BM: That's good. And it is that leadership principle of taking time to regroup, to reenergize, or to just be still. Like you said, stare out the window for a minute. A lot of times as a leader that's where the good things come.
MP: Mark Few I think is one of the great coaches in college basketball. And genuinely he's approaching maybe being in the conversation for one of the great college basketball coaches of all time, right? I mean, he's flirting with that kind of conversation. And, you know, I've heard him talk about it like, he's kind of taken that to the nth degree where you know, on game days he, you know, I've heard him talk about like, he goes for long walks, he tries to find somewhere out in the environment where he can go for a long walk. You know, he's not like most of us where he's in a dark room all night long and all morning long before the game watching the film and scheming plays. I get the impression that he's way more of that like, what fuels him and fixes him is just giving his mind and heart the chance to kind of replenish and think so that he can assume that really stable, genius leadership role that he does assume for their team. I find ideas like that really fascinating.
BM: Yeah, excellent. So I want to go back a little bit in your progression and everything that really led to this extraordinary opportunity and moment you have with BYU basketball. When you were a player, you were part of a national championship team, which is a story in and of itself. You were part of a program — Kentucky, rich with history and culture, really a culture of excellence there. Maybe you could share with us, coach, looking at it from that cultural perspective. What did you learn in your time at Kentucky in terms of how do you build a winning culture that's sustainable?
MP: A couple things. One is I was really blessed as a college basketball player because my first two years I played at the University of Washington. And we were we were not good. I mean, we were a bad program. So bad that my coach actually got fired after my sophomore year. We just couldn't win for him and I took that really personally, really hard. And then I got to go from that, from that bad, losing spectrum of college basketball straight to Kentucky, who had just been to a Final Four and the program had unbelievable momentum kind of every year since the scandal that had given them the death penalty. And they were perched, poised right there for a national championship. And I got to see them. Like one day I was fully invested in one program and the very next day I was fully invested in that winning culture. And the differences were staggering.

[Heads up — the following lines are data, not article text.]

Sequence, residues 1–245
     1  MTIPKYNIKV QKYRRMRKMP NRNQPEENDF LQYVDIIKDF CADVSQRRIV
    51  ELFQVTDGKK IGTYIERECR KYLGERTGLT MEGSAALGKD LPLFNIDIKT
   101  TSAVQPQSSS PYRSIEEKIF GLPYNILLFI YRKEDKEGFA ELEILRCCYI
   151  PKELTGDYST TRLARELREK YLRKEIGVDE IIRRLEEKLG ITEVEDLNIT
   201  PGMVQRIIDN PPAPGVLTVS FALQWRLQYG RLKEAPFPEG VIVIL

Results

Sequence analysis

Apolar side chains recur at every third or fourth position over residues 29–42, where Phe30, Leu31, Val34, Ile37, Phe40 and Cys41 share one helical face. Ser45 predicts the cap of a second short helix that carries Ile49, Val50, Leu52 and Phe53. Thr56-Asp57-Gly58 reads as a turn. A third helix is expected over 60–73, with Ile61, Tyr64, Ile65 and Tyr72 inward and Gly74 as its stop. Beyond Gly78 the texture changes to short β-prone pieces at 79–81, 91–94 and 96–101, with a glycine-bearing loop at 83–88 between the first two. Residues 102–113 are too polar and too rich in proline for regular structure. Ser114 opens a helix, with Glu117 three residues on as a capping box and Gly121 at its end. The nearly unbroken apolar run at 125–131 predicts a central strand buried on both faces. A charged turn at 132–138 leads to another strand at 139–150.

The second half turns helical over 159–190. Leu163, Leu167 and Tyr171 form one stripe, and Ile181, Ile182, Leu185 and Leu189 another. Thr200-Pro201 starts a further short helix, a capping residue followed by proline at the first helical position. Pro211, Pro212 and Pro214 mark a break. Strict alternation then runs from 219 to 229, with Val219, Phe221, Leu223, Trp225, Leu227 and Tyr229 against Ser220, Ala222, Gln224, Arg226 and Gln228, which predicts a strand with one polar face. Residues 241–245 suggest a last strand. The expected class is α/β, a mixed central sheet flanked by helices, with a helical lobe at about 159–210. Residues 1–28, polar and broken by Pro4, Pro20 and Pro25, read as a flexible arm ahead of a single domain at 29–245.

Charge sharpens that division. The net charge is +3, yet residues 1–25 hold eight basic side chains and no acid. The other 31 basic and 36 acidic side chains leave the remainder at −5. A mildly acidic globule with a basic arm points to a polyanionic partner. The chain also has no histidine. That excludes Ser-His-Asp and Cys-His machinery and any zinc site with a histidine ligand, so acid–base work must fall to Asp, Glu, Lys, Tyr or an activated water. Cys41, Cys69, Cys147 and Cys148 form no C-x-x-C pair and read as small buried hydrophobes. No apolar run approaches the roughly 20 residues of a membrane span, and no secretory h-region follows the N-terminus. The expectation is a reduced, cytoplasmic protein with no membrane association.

I give you one example of a difference — so at Washington, I had some personal success but we couldn't win as a team. And I was always a gym rat. So I would be at practice, you know, 90 minutes early getting up shots and I would stay after practice sometimes for two hours. I just was working hard trying to get better. And I would be in the gym by myself most of the time before and after practice. And I would actually have guys walking by the gym kind of giving me dirty looks, right? Like, we don't do that, you're showing us up, what are you trying to prove. All these kind of things that was exactly the opposite of — if they were the energy suckers I'm the energy bus, right? And there was a loneliness about trying to really pursue excellence on that team. So I go to Kentucky and first of all, every single player at Kentucky was better than me. I was like the scrub all scrubs, right? So I knew that for me to have a chance I was gonna have to just crush it in terms of my work ethic and getting in extra stuff and catching up. I mean everybody there was a McDonald's All-American. And so I get there and you know, I'm like, I got this. I'm just gonna outwork these guys like I did Washington. Well, I'm trying to sneak into the gym at 1 a.m. to get like a third workout in that day, right, thinking I got it. So I go over, I walk into Memorial Coliseum. I hear like three balls bouncing. I got three teammates in a full sweat down, they're already doing individual work. And that was it. I mean, if you ask me one difference, it was that. In one place you had a culture and a program where guys were trying to find their own way to success, which didn't involve the only path to success, right? And then I went to this other place where it was like everybody was obsessed, in the individual and a team way in terms of chasing it with everything they had. And I'm pretty simple-minded. I don't get way more complicated than that, than putting in the work.